Poland's decline of German air defense system reflects deeper rift

China Military Online
Chen Zhuo
2022-12-01 16:05:55

By Teng Jianqun

Germany’s Patriot-2 air defense missile system (Source: The Paper.cn)

Following the Poland missile incident, Germany was ready to provide Poland with the Patriot air defense system, but the Polish defense minister later said they had requested Germany to deploy the system in Ukraine.

The two countries have been constantly at odds recently. The German government refused to provide the Leopard 2 Main Battle Tank to Poland, while Poland has repeatedly accused Germany of not aiding Ukraine militarily faster; Poland claimed a gigantic war compensation from Germany, while Germany threatened to re-delimit their boundary. Poland’s latest decline of Germany’s Patriot air defense system and suggestion for it to be deployed in Ukraine further reflected the deepened bilateral rift.

In response to Poland’s suggestion, German defense minister said the Patriot is part of NATO’s overall air defense system, and deploying it outside NATO’s territory would require discussions with other members. As the US is working to keep the conflict in Europe from further escalation, NATO and Germany won’t hurriedly deploy the Patriot to Ukraine.

Besides, deploying Patriot to Ukraine would mean that German engineers, technicians and soldiers would have to go there too, which would increase the possibility of a military conflict between Russia and Germany. Therefore, under current circumstances, NATO isn’t likely to make that move.

America’s Patriot air defense missile system (Source: huanqiu.com)

After the Russia-Ukraine conflict broke out, the US installed its Patriot missile defense system in countries including Poland, where it also sent elite troops in Poland. However, the missile attack on Poland proved that America’s deployments were more to protect its own interests, and military protection from the US cannot bring true security for Europe.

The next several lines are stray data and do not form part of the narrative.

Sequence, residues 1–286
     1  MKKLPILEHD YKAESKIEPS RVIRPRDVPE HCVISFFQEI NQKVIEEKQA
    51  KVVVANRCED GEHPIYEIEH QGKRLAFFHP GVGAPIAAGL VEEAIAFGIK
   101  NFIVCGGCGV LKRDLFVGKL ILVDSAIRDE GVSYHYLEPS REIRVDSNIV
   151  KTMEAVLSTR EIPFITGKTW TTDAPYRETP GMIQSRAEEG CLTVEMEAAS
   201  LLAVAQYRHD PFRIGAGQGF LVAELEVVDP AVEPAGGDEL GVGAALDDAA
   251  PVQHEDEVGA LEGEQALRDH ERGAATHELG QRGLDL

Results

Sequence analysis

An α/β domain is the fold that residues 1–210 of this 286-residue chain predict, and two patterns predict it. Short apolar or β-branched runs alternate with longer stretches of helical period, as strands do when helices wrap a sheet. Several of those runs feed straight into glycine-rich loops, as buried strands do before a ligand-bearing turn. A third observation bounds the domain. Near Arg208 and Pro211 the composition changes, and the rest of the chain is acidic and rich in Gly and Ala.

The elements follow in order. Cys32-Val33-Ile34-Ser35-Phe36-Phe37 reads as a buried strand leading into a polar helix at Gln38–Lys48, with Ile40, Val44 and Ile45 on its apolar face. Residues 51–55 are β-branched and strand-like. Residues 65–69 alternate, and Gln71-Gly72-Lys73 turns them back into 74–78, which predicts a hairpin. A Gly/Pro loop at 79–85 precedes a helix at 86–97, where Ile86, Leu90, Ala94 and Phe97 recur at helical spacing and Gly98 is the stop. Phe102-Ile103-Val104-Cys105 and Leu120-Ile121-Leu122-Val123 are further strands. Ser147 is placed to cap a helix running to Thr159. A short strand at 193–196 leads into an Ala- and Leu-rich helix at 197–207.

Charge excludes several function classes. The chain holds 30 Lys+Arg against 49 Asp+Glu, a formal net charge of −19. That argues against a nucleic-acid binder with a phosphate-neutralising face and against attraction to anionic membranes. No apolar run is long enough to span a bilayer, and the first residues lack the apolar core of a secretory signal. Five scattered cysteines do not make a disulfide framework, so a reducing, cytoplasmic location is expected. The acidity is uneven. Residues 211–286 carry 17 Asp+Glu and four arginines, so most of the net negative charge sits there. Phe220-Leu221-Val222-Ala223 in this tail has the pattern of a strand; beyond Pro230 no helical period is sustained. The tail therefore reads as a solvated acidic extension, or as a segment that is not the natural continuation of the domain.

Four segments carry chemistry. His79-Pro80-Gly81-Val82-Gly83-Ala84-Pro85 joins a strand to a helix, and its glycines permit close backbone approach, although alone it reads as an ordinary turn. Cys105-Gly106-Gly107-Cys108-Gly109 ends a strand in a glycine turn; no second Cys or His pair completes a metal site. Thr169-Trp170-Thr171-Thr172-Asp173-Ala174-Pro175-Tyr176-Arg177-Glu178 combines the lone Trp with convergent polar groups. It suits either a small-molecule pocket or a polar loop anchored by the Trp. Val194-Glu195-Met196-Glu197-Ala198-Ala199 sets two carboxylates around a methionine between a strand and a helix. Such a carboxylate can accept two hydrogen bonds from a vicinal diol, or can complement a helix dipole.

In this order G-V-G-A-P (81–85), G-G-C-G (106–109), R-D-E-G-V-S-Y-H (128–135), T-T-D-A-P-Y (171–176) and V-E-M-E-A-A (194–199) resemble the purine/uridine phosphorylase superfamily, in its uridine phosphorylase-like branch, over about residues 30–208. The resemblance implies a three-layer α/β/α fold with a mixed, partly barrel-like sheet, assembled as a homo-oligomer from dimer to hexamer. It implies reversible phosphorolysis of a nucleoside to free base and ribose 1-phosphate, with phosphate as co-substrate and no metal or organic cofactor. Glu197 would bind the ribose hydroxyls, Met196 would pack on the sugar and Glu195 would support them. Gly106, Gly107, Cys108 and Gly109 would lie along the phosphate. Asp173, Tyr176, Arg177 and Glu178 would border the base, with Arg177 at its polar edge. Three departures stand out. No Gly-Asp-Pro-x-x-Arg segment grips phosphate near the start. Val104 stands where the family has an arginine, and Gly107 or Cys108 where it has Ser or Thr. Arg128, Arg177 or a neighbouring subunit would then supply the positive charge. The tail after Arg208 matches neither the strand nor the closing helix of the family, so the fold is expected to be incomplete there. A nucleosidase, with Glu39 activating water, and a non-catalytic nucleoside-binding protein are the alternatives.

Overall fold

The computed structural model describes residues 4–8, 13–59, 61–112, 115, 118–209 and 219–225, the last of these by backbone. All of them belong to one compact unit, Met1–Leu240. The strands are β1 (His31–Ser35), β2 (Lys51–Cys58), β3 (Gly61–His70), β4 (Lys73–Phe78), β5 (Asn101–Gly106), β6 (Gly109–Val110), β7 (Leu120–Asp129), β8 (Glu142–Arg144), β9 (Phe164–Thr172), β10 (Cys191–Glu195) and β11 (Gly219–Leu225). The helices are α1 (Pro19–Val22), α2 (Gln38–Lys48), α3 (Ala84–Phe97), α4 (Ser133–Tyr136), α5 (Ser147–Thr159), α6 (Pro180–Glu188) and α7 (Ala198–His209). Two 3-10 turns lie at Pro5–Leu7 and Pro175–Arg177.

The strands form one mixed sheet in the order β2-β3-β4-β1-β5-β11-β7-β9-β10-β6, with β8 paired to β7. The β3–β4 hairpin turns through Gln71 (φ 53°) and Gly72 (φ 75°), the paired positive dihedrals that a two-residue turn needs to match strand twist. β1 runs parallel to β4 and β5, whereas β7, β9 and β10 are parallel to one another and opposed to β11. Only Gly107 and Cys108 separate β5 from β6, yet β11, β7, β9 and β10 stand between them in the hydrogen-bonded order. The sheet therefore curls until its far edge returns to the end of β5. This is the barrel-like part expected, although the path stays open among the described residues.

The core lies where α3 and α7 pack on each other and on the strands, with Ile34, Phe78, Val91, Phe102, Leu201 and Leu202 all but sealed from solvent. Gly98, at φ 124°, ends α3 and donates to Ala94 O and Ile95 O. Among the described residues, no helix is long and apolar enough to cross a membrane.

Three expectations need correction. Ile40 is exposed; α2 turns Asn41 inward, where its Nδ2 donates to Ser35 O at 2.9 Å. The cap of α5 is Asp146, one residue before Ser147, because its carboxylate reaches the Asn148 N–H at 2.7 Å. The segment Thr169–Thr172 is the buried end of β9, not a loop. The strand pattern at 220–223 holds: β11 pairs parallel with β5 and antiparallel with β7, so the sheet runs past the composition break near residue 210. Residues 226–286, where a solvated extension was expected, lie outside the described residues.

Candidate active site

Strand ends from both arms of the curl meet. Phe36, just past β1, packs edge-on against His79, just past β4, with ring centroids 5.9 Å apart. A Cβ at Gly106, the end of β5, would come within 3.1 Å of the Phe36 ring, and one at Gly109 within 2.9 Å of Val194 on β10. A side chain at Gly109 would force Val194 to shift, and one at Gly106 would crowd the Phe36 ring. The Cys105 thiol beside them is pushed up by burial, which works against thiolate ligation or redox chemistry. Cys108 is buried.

At the same time, all 27 EU members agree that it is necessary to establish troops of their own. Hoping to be the “bellwether” in Europe’s independent defense, Germany last month took lead in forming the European Sky Shield initiative – a unified air defense procurement and deployment alliance involving 14 NATO members and Finland. But Poland didn’t join this alliance, which reflected a divided attitude within the union towards creating an independent air defense anti-missile system.

Editor’s Notes: The author is a former senior colonel assigned to the PLA Navy and the secretary general of Department for American Studies and Director of Center of Arms Control and International Security, China Institute of International Studies. This article is originally published on cnr.cn, and is translated from Chinese into English and edited by the China Military Online. The information, ideas or opinions appearing in this article do not necessarily reflect the views of eng.chinamil.com.cn.

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